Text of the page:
Living Century PBS Series: History through Centenarian Eyes

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For video producer Steven Latham "every stereotype of aging just went out the window and really turned my world upside down about what it meant to get old." He had just met his first centenarian, Senior Olympics shot-put champion Ben Levinson, age 104. Now, Latham had no doubt about the value of producing a series of public television programs about some of the more vital people who had lived almost every day of the 20th century. But where would he find others?

Latham and his coproducer, Christopher Carson, had heard about 107-year-old Rose Freedman-the last remaining survivor of the 1911 Triangle Shirtwaist Factory Fire-but finding her, and discovering if she was even alive, seemed a daunting challenge. Latham's research tool seems laughably obvious now-he Yahooed. Within moments, his Internet search on Yahoo turned up a Rose Freedman, not in New York, where she had spent most of her life-but 100 yards down the street from his office in Beverly Hills.

"I literally ran out, got flowers and went over to her apartment and introduced myself," Latham said. Freedman, more than a survivor of one 90-year-old tragedy, proved to have lived "an extraordinary life, beginning as an immigrant in New York."


The witness Freedman bore to the past century included saving the life of an Austrian spy during World War I and caregiving for two of her children who contracted polio. After turning 100, this "very lively and funny woman," an avid painter and basketball fan, began studying Spanish, Latham said. Three Miracles, his half-hour documentary about Freedman, also proved to be the last onscreen appearance by the video's narrator, the late Jack Lemmon.

Three Miracles and A Teacher and Student for Life-about Ray H. Grist, who helped develop the first atomic bomb as the director of the Manhattan Division of the Manhattan Project-won awards at 18 film festivals and were originally aired on PBS in 2001. (When Latham and Carson found him at age 103, Crist was teaching college and pursuing research on ways to protect the environment.) These two programs will be aired on PBS in April along with three new productions under the series title "The Living Century."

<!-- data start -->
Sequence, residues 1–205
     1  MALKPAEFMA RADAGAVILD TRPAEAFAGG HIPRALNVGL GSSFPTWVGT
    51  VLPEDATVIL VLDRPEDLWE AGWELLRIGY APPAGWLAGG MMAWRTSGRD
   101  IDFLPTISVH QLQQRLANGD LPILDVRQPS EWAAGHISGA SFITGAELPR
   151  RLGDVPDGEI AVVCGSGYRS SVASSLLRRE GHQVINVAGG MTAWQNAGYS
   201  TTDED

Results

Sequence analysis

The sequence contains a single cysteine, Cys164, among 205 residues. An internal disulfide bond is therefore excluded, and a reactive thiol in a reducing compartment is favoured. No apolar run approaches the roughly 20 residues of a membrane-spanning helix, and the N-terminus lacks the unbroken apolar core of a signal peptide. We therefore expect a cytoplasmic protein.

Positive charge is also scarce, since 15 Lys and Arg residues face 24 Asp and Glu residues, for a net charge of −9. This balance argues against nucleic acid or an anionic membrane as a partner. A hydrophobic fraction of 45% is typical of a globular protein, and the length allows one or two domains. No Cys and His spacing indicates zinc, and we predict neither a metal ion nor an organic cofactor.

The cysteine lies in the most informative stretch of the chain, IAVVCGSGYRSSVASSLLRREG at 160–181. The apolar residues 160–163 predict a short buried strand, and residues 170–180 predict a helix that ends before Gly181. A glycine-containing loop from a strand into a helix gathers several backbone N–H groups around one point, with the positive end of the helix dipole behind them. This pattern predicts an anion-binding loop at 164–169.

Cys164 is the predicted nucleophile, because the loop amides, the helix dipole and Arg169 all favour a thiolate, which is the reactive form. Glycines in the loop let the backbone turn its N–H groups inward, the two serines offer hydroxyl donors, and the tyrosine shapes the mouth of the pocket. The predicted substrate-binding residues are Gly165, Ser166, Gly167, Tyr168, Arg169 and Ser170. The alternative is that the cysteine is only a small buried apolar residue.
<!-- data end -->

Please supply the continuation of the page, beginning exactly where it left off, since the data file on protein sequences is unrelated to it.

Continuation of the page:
* Double Duty profiles Ted "Double Duty" Radcliffe, at age ioo the oldest living former player from the Negro Baseball League. Guys and Dolls writer Damon Runyon appended the moniker "Double Duty" on Radcliffe after watching him in the 1932 Negro League World Series. In a double header, the versatile athlete caught a game for the great Leroy "Satchell" Paige-then took the mound to pitch a shutout in the second game. He played on the first integrated semipro baseball team, a dozen years before Jackie Robinson broke the Major League color barrier.

* A Peaceful Warrior is about journalist Robert St. John, who survived a vicious beating by the Al Capone gang after the young reporter exposed Big Al's brothel operation, and later broadcast live for NBC during the blitzkrieg while the Nazis were bombing London. St. John, who wrote 22 books, became the first American broadcaster to report the surrender of Japan and the end of World War 11.

The only one of the five programs to run one hour (the others are 30 minutes long), A Peaceful Warrior is hosted by Walter Cronkite, and part of it compares St. John's wartime experience with that of Perfect Storm author Sebastian Junger-representing the next generation of correspondents-as he covered Afghanistan and other war-torn areas after the Sept. 11 terrorist attacks. St. John died Feb. 7, at age 100. …